Postcards from the edges: Density is not Destiny
By Joe Cortright
There’s a meme equating density with Covid-19 risk.
Two polar cases shows that density (or lack thereof) has little to do with the spread of the pandemic.
Many, including New York’s Governor, have been quick to blame density for the spread of Covid-19. Last month, we looked at data for one of North America’s densest cities—Vancouver, British Columbia—and found that it had a lower rate of reported cases per capita than nearly all large US metro areas. Today we check back in on the progress of the pandemic in Vancouver compared to similar American cities. And we also take a quick look on the area with the highest rate of Covid-19 cases in the US—and its one of the nation’s most rural areas, not a dense city at all.
There’s little question that the fact that the New York metropolitan area has had the highest rate of reported cases per capita has colored perceptions. People might naturally assume that because New York is our densest city, and Coronavirus hit hardest there, that there was some connection. It turns out however, that within the New York metro area, rates of reported cases are actually higher in the suburbs (including Rockland and Westchester counties) than in the five boroughs of New York City. It’s also the case that in the city itself, the hardest hit neighborhoods actually are much less dense than those least affected.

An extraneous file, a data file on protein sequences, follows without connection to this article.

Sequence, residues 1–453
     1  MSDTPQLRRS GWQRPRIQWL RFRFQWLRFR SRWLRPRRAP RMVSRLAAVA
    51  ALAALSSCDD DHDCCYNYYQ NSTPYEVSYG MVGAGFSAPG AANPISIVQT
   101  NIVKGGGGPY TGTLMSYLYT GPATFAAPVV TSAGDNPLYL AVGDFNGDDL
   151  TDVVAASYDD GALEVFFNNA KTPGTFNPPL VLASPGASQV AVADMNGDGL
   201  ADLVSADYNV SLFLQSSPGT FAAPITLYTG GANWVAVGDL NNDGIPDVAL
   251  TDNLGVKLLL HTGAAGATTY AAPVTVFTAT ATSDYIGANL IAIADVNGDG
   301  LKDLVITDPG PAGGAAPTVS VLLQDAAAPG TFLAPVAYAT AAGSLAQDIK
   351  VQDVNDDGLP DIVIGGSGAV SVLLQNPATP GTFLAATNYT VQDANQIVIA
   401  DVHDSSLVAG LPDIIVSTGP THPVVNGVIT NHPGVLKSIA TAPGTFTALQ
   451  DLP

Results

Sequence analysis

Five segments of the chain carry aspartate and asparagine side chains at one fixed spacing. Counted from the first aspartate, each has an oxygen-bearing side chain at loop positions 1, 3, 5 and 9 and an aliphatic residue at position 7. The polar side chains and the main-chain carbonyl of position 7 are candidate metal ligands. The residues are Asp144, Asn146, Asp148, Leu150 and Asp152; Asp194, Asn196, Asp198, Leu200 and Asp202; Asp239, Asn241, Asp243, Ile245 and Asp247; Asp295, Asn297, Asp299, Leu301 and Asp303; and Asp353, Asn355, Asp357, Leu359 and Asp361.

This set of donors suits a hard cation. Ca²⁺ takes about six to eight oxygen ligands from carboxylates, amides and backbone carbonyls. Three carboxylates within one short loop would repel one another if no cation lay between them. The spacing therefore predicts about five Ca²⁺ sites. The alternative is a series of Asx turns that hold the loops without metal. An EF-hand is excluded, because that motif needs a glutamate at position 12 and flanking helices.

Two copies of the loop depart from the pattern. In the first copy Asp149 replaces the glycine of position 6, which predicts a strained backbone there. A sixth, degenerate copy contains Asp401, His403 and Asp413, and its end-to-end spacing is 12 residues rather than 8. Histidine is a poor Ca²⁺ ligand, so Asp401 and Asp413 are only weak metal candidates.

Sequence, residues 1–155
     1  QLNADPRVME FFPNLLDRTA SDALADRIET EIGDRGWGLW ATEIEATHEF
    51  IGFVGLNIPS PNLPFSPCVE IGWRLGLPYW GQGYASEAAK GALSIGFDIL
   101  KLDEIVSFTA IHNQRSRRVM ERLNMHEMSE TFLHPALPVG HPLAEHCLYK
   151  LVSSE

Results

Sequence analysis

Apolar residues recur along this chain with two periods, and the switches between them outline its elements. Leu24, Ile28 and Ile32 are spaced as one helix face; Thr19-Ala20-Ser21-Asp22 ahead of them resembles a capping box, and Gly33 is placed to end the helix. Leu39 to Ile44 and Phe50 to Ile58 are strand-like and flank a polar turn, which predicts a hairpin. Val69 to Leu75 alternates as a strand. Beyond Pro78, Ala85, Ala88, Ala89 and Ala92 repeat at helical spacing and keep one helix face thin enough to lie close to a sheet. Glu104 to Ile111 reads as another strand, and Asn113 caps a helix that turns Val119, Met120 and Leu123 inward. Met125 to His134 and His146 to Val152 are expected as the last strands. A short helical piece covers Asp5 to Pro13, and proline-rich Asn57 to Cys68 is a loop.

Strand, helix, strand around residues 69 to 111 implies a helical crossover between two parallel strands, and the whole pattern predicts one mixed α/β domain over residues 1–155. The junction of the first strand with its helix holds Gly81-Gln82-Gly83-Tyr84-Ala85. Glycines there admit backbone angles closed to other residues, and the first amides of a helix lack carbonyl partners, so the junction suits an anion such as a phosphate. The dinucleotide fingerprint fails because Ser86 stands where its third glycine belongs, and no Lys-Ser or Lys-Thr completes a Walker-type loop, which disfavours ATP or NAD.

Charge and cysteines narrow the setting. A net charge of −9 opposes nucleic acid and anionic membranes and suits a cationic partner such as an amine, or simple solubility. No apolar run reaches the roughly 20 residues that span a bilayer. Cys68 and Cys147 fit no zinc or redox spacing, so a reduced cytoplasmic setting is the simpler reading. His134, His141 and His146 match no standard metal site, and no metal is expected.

A Postcard from the Navajo Nation
Photo: Salt Lake Tribune
While New York has dominated the awful statistics and headlines of the pandemic, today, the hardest hit area in the US is far away, and far different: the Navajo Nation. In the past week, New York’s rate of infection has been surpassed by that on the Navajo Nation, one of America’s least densely settled areas. The nation covers an area larger than Ireland spread across three states—Arizona, New Mexico and Utah—and consists overwhelmingly of very low density housing. But its rate has grown to more than 2,449 cases per 100,000 population even higher than New York City’s 2,300.
The underlying problems in the Navajo Nation are not density, but rather poverty, a lack of health care, and housing over-crowding. Interestingly, these same factors were identifies as correlates of Covid prevalence rates within New York City by a Furman Center analysis of zip-code case data.
A Postcard from Vancouver
As we pointed out last month, if you think that the Coronavirus is spread by density, riding public transit, and tight connections to China, then you’d have to believe that Vancouver, British Columbia would be squarely in the cross-hairs of the pandemic. Vancouver is one of the five densest cities in North America, has a much higher than average transit ridership, and a large Chinese immigrant population. But when we looked in April, its rate of Covid-19 cases per capita was lower than in just about any large US metro area, and lower than in nearby Seattle or Portland (and Portland ranked 50th of the 53 large US metro areas for Covid cases per capita).